31. Transcript of Telephone Conversation Between President Nixon and his Assistant for National Security Affairs (Kissinger)1

[Omitted here is discussion of the press reaction to Nixon’s meeting with French President Pompidou in the Azores, December 12–14, the prospect of India agreeing to a cease-fire with Pakistan, and prospects for preventing India from receiving U.S. aid already in the pipeline.]

P: If the Indians continue the course they are on we have even got to break diplomatic relations with them. Don’t you agree, Henry?

K: I agree. There is already a strong victory statement and an unbelievable setback for the Chinese which is none of our business but they have certainly humiliated them.

P: And also let it be known they have done nothing.

K: That is right.

P: In the event they [crush?] West Pakistan, is there anything more that can be done? Are they going…

K: They gave us flat assurances there wouldn’t be. If that happens we will have to reassess our position with the Russians. We will have until Saturday morning to see that.

P: What are they doing?

K: I said to Vorontsov if you don’t do it at the UN, do it as a bilateral exchange of letters.

P: And they have not responded?

K: No, it is a little early. They could have if they wanted to.

[Page 101]

P: The question is…

K: Well, the question is—let’s look at objectively. So they put it to us and they saw because you acted in such a [omission in the source text] way here, we are going to drop the summit…

P: Well, dropping the summit is not the first thing I would do.

K: Well, you have to look to see how much we are willing to pay in terms of where we are going.

P: To keep ourselves in perspective we have to realize the Russians have put it to us previously in other parts of the world so we have to just grin and bear it, right?

K: But not you, Mr. President.

P: No, but my point is we try everything that we can, but we have to realize the Russians—we have to let them know our options.

K: Our options are limited.

P: They are limited, but even with them we can’t deal with those Soviets and continue to talk about sales and various other problems.

K: Our options are not all that good.

P: They are not good but they will get results. If after all these appeals and…

K: They are going to continue to butter you up.

P: My view is this: I won’t let them do this. Did the Jordans [Jordanians] send planes.

K: 17.

P: Well, my point is so we have done a check of these little things. Now in the event we are going to end up by saying to the Russians you proved to be so untrustworthy we can’t deal with you on any issues. Let’s use that card now.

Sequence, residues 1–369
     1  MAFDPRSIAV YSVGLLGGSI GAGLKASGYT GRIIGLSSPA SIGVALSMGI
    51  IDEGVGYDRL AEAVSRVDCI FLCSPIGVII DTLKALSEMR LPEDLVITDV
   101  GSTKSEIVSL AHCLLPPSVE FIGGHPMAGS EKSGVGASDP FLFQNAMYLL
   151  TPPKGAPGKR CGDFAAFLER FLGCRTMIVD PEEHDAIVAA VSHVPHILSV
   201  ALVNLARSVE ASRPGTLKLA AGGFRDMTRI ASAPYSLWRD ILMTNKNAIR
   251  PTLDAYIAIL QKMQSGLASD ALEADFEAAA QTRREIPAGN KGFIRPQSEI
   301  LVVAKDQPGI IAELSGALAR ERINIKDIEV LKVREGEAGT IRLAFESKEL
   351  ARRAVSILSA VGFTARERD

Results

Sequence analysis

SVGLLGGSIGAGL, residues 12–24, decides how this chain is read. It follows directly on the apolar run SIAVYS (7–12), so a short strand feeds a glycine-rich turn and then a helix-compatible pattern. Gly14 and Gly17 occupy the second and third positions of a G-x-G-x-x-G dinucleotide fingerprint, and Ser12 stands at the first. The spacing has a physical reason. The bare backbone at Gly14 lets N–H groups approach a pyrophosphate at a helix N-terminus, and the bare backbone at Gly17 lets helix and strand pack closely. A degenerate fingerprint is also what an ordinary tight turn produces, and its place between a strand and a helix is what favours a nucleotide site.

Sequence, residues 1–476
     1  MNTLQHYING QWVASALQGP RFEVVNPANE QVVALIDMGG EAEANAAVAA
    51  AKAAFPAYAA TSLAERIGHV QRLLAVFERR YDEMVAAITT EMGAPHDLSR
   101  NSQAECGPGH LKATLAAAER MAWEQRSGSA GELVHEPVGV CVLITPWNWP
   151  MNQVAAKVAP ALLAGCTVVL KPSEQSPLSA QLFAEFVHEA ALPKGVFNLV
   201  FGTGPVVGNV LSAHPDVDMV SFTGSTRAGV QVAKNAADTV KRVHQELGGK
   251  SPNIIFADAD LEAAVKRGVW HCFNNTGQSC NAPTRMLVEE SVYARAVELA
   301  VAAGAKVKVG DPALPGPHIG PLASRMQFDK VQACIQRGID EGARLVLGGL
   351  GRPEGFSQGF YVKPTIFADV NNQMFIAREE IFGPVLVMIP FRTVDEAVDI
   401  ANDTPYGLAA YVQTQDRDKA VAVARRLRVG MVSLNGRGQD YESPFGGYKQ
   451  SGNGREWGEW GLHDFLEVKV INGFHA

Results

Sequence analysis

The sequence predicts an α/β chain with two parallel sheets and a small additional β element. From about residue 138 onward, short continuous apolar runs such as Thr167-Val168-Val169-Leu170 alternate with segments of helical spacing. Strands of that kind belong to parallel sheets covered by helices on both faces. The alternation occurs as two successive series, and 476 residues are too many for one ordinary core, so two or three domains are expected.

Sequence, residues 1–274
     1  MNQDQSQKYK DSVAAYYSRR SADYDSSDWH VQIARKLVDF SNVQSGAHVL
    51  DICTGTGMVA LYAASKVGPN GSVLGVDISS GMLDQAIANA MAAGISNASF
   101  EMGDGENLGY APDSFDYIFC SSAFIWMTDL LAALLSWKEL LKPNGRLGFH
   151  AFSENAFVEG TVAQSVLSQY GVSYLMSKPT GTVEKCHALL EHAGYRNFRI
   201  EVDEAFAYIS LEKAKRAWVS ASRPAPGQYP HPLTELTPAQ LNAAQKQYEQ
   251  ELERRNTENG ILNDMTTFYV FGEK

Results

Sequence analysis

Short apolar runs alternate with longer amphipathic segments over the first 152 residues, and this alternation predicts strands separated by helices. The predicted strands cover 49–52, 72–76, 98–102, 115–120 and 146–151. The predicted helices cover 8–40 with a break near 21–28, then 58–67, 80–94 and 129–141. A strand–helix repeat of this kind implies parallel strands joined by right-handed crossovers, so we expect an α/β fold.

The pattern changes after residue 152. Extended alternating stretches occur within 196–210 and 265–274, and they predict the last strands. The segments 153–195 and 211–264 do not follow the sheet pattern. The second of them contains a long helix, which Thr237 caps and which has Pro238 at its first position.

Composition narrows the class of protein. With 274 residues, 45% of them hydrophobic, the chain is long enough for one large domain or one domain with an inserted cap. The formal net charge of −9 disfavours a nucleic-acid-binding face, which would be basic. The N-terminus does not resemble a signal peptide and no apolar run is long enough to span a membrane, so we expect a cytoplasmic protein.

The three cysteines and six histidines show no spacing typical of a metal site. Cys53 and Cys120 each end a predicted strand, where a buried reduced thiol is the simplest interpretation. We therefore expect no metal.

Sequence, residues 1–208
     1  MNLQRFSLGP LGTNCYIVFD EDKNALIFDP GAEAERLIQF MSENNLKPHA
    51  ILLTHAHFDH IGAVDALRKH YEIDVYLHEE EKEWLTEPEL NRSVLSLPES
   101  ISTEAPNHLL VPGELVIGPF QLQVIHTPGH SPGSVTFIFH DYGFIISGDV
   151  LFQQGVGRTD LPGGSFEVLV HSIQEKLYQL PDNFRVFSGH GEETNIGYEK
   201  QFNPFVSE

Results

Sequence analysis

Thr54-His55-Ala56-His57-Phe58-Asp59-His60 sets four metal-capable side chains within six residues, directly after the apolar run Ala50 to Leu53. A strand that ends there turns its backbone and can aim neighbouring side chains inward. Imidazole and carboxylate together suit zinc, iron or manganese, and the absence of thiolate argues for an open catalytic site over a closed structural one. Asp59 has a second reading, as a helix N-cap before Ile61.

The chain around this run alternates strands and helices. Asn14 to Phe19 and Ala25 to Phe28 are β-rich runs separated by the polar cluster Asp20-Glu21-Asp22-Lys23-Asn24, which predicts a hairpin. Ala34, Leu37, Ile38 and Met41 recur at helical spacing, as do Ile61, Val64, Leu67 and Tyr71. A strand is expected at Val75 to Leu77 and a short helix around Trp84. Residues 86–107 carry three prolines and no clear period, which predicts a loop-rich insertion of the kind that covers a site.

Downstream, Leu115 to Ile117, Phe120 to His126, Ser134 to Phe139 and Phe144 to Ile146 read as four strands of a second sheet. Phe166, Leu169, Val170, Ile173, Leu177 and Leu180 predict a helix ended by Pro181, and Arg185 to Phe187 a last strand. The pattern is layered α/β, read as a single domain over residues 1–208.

K: We have pretty well told them that.

P: Well, we told them that privately, they may not believe that.

K: Well, if they don’t believe the President of the United States in a private meeting…

P: You don’t understand. We threatened it. Let’s do it.

K: No, for that it is premature, Mr. President. That we cannot do because they still may get us a ceasefire. If they don’t get a ceasefire, what do we do then?

P: Cut off the Middle East talks, pour arms into Israel, discontinue our talks on SALT and the Economic Security Council can go [to] the public and tell them what the danger is. It is a risk group but the right one. It is pretty clear. I would go further. We have to stop our talks on trade, don’t let Smith have any further things on the Middle East and stop seeing Dobrynin under any circumstances.

[Page 102]

K: That is right. Break the White House channel.

P: And be very cold in our public statements toward them. What I am getting at is if we are prepared to go and have the card to play where we would not talk at all. Another thing I would beef up the Defense budget plans then.

K: The Defense budget is being worked on.

P: You will have that done by Friday night?2

K: Yes.

P: Now, Henry, I am not satisfied and I am really mad that this assistance report is not down here. LDX it down here in two hours—Indian aid for next year and last, how much PL–480, how much economic assistance, unilateral assistance—I want to see it.

K: We have got it, but we will get it down.

P: I know the bigger game is the Russian game, but the Indians also have played us for squares here. They have done this once and when this is over they will come to ask us to forgive and forget. This we must not do. If they want to be dependent on the Russians, let them be, but when the chips are down India has shown that it is a Russian satellite. What I am really saying here is and what I am proposing to do—if India pursues this course, then we will reevaluate their program of aid and cut it off. Has anybody told them that?

K: We would, but remember you have got to realize everything is being done out of this office. We have a bureaucratic system to deal with. I think it would be better if State told them.

P: Call Sisco. He is to call in the Indian Ambassador and tell him that the U.S., under the circumstances, if there is not a ceasefire we will have no choice and all Indian assistance of all types will be taken out of the budget and call me in an hour.

K: Yes, Mr. President.

[Omitted here is additional discussion of cutting off U.S. aid to India.]

  1. Source: Library of Congress, Manuscript Division, Kissinger Papers, Box 370, Telephone Conversations, Chronological File. No classification marking. The President was in Key Biscayne, Florida, from December 15–18; Kissinger was in Washington. (National Archives, Nixon Presidential Materials, White House Central Files, President’s Daily Diary)
  2. December 17.